As a result, I cannot distinguish homes from businesses. An arrangement of white flowers hangs off a window ledge. “My mother’s favorite,” A— says, though I no longer remember which flower that is. The heat feels prickly against my skin. It is June, and the Biennale has transformed the city. Roads that lack signage, for instance, have been marked with stickers advertising nearby national art pavilions. Church steps become an impromptu stage for experimental musicians, dancers, performers. On Tuesday, I follow some of these stickers to pavilions curated by Armenia, Taiwan, and Russia, while a sticker labeled Luxembourg leads me instead to a secondhand bookshop. I am beginning to feel guilty for missing so much of the conference. I write about this anxiety as if I were Hemingway. Lots of short sentences. I cut everything. Off. My language, my limbs. I want to write a poem about Luciano, the hostel manager, and all I manage is a two-page Word document of my observations of the shadows extending out from the water-damaged building I am staying in. Eating gelato, I take photos of a water route that is probably someone’s driveway. The stern of an adjacent boat is engraved Rosa x Salva. A gondolier rowing past looks over, whistles, and calls me the pretty Chinese girl. This too is a gesture. I do not respond.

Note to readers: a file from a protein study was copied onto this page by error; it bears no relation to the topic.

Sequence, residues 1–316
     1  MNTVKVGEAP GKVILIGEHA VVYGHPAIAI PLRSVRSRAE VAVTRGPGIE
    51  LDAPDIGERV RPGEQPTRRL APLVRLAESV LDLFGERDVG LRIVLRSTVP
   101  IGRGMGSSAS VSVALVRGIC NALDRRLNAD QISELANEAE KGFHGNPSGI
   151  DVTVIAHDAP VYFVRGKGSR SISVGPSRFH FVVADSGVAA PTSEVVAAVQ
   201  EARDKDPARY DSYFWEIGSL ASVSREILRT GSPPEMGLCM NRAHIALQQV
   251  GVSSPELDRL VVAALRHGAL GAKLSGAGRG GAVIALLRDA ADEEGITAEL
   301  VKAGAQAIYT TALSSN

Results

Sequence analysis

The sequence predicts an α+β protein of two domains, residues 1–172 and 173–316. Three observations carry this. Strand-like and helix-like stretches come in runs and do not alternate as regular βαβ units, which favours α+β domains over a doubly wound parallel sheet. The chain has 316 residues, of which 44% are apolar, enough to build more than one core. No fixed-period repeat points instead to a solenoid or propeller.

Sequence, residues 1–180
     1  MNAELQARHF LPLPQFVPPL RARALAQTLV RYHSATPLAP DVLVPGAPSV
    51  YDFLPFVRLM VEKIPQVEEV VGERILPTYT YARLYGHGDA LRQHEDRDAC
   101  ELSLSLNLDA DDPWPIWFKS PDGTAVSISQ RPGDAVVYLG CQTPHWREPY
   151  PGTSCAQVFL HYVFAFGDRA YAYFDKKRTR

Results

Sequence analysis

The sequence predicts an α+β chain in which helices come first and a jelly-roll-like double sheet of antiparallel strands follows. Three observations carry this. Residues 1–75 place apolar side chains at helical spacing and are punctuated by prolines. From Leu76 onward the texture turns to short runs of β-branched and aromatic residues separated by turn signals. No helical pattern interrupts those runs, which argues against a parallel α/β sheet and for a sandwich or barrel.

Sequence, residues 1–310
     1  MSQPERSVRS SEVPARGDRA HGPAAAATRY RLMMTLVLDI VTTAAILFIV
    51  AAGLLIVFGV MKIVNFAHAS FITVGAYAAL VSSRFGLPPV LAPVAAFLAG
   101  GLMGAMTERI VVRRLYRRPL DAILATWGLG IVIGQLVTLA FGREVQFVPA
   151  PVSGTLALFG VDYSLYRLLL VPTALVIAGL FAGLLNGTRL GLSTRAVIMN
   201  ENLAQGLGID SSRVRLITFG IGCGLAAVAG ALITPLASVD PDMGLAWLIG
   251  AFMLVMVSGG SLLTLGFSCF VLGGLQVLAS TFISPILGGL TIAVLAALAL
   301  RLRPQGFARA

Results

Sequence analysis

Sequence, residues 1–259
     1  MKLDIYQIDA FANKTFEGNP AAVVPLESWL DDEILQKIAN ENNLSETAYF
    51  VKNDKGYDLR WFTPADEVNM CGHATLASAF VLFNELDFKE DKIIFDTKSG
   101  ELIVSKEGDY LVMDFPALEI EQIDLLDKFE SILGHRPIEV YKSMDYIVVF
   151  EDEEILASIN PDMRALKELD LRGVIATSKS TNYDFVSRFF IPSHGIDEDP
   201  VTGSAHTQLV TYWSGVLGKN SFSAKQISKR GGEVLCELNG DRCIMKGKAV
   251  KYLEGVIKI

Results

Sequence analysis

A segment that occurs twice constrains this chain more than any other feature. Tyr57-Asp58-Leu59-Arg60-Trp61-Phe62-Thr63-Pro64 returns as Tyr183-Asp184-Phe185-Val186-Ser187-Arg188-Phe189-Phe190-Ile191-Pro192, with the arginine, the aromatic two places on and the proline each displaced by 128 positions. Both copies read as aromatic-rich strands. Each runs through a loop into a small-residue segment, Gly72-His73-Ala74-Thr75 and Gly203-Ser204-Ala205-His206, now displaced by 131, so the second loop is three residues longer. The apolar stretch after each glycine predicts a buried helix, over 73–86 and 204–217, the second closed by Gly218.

The gesture is as much an exposé as it is a survival tactic. Public intimacy is a tricky performance. In public, my body exits my realm of control. Regardless of intent, I never fully know who is watching or consuming my movements. The political reality of my alien/raced/gendered body intensifies the vulnerability I experience for catching a stranger’s eye. Will you validate me? Will you hurt me? For the gesture is largely desired under conditions of reciprocity. I glance up at you in the hopes that you return my gaze with kindness.